WASHINGTON – Shemara Shay Mack-Smith, 42, of Accokeek Maryland, was sentenced to 108 months in prison, to be followed by 120 months of supervised release for distribution of child pornography, announced U.S. Attorney Matthew M. Graves, Special Agent in Charge Wayne A. Jacobs, of the FBI Washington Field Office Criminal and Cyber Crime Division, and Chief Robert J. Contee, III, of the Metropolitan Police Department. In addition to the prison term and supervised release, U.S. District Court Judge Trevor N. McFadden ordered Mack-Smith to pay $3,000 in restitution to one of the minor victims in the case.
According to court documents, in late April of 2020, a concerned citizen reported to law enforcement that he met Mack-Smith at a friend’s house in the District of Columbia. Mack-Smith showed him child pornography, and she told him that she was sexually attracted to children. This concerned citizen also informed law enforcement that, while exchanging messages with Mack-Smith, she sent him several videos depicting the sexual abuse of children as young as toddlers.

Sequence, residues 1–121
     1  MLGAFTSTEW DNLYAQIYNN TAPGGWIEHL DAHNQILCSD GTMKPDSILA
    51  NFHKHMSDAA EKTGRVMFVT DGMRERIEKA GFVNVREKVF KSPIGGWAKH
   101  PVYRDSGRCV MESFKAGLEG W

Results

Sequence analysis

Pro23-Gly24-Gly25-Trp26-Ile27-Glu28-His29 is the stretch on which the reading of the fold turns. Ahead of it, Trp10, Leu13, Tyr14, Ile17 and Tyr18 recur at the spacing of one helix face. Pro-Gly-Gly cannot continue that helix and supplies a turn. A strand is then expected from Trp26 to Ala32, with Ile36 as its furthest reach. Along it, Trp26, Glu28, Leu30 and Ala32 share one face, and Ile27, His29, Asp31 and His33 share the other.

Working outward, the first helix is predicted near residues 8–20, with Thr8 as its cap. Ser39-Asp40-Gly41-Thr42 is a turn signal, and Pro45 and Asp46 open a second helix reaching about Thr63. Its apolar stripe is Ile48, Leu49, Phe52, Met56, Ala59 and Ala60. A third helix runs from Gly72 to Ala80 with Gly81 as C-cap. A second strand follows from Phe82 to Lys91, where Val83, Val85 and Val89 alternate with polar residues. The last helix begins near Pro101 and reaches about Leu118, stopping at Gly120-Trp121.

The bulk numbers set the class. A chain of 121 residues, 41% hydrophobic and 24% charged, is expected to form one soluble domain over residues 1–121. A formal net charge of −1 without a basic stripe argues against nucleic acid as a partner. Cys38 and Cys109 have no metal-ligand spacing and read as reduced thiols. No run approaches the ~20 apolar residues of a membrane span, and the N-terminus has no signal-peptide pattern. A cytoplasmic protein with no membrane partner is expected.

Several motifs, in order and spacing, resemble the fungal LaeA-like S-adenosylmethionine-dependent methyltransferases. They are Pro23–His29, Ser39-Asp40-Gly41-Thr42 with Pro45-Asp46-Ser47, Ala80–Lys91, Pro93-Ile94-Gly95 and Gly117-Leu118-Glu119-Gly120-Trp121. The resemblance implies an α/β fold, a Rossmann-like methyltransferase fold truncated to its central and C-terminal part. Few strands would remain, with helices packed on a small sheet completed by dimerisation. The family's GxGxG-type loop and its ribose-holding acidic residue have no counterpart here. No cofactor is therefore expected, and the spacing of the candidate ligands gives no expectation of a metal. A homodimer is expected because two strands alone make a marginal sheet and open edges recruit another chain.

During the course of the ongoing investigation, in early May of 2023, Mack-Smith distributed several images of child pornography to a law enforcement officer, acting in an undercover capacity. A search warrant was executed at Mack-Smith’s residence on May 8, 2020. Numerous digital devices belonging to Mack-Smith, including an Apple iPhone 11, were recovered by law enforcement. The Apple iPhone 11 contained several videos and images depicting the sexual abuse of young children.
This case was brought as part of the Department of Justice’s Project Safe Childhood initiative and investigated by the FBI’s Child Exploitation Task Force, which includes members of the FBI’s Washington Field Office and MPD. In February 2006, the Attorney General created Project Safe Childhood, a nationwide initiative designed to protect children from online exploitation and abuse. Led by the U.S. Attorney’s Offices, Project Safe Childhood marshals federal, state, and local resources to better locate, apprehend, and prosecute individuals who exploit children via the Internet, as well as identify and rescue victims.
For more information about Project Safe Childhood, please visit www.projectsafechildhood.gov. This case was prosecuted by Assistant U.S. Attorneys Amy Larson and Jocelyn Bond.